Anirudh Krishnan and Soumya Singhal
Agriculture is a significant employer and contributor to the GDP in India. However, the sector faces a two-fold problem due to climate change and a declining workforce. On the one hand, increased food demand is juxtaposed with a decline in the number of food providers – farmers. On the other hand, agriculture has to face the brunt of, while also exacerbating, climate change. The recently passed Energy Conservation (Amendment) bill proposes a domestic carbon credits market, which can act as a thrust toward solving both these issues. An emissions market can incentivise farmers to decarbonise agriculture while also increasing their incomes through the sale of credits. Carbon farming can help drive decarbonisation forward. This discussion paper identifies existing problems of the inaccess to technology, fragmented landholdings, and the nature of a voluntary market as possible hurdles for the effective participation of farmers in a carbon market. Further, it analyses the role of agritech startups, collective farming, and regulation of an emissions market in achieving the twin objectives.
KEYWORDS: Carbon farming, carbon markets, agritech in India, collective farming, climate change.
The Energy Conservation (Amendment) Bill was passed in the Rajya Sabha in December 2022. The Bill lays down a framework for regulating energy consumption and promoting energy efficiency and conservation. More importantly, the Bill empowers the central government to specify a domestic carbon credit trading scheme. Globally, entities have used the voluntary carbon market as an incentive to decarbonise agriculture and increase incomes from agriculture and related activities. Consequently, exploring the role of a domestic carbon credits market in India’s agricultural practices is vital in both decarbonising and revitalising India’s agricultural sector.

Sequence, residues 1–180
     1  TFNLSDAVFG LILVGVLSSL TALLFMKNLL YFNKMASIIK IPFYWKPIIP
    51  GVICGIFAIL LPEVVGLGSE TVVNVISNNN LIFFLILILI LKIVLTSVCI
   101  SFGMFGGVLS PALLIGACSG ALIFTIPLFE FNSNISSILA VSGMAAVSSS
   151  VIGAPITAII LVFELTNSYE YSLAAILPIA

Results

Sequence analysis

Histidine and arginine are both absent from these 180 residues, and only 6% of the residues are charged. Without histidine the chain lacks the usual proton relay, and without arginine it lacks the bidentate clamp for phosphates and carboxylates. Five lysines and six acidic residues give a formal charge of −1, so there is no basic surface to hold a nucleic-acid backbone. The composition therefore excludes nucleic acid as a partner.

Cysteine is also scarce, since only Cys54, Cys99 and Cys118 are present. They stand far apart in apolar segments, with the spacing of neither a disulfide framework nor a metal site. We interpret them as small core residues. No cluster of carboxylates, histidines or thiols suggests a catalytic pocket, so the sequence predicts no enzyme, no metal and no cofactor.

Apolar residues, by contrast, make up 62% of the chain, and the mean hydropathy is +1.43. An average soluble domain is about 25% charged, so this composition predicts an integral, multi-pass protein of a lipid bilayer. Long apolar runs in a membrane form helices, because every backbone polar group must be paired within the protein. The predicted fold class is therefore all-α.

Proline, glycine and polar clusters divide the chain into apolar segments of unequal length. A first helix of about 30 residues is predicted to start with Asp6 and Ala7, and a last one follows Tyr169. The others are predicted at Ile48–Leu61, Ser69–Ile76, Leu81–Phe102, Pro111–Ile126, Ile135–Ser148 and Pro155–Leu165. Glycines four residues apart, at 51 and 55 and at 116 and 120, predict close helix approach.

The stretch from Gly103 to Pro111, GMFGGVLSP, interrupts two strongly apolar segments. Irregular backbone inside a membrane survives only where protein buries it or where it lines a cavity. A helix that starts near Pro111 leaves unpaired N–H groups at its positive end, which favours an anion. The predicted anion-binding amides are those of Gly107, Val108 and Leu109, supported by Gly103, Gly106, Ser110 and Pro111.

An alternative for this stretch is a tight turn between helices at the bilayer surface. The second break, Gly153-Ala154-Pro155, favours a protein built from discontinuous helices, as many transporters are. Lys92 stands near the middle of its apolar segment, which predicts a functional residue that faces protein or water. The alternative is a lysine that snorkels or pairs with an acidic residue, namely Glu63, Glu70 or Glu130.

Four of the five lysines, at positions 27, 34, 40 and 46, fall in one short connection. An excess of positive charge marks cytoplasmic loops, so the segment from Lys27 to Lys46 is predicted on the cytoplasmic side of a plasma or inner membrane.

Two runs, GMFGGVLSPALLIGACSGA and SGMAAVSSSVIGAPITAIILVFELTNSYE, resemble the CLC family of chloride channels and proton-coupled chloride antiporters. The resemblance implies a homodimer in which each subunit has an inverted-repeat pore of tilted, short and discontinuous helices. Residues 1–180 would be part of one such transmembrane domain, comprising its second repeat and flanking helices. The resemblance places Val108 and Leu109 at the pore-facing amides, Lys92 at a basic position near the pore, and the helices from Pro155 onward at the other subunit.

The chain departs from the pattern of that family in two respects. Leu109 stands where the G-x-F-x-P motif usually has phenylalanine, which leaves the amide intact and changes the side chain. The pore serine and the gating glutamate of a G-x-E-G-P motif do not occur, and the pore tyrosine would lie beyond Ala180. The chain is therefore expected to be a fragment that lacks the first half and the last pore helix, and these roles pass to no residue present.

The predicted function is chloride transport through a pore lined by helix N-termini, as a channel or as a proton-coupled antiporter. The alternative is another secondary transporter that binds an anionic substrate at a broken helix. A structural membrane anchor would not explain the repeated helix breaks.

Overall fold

The agriculture sector in India employs 54.6% of the population and contributes 17.4% to the country’s GDP (Department of Agriculture and Farmer Welfare, n.d.). The sector accounts for farming and non-farming activities that aid crop production and livestock management. The produce of agricultural activities serves both as a finished product for consumption and an intermediary product for further production. Given India’s growing population, the country will have to increase its agricultural production by 70% to cater to a growing population (Kishor, 2021). A predominant part of this increase can be expected in crop production to ensure food security. However, increased agricultural production will increase carbon emissions, given the carbon-intensive nature of the sector. Hence, scientists and policymakers are tasked with fulfilling rising food demand while also reducing greenhouse gas [GHG] emissions.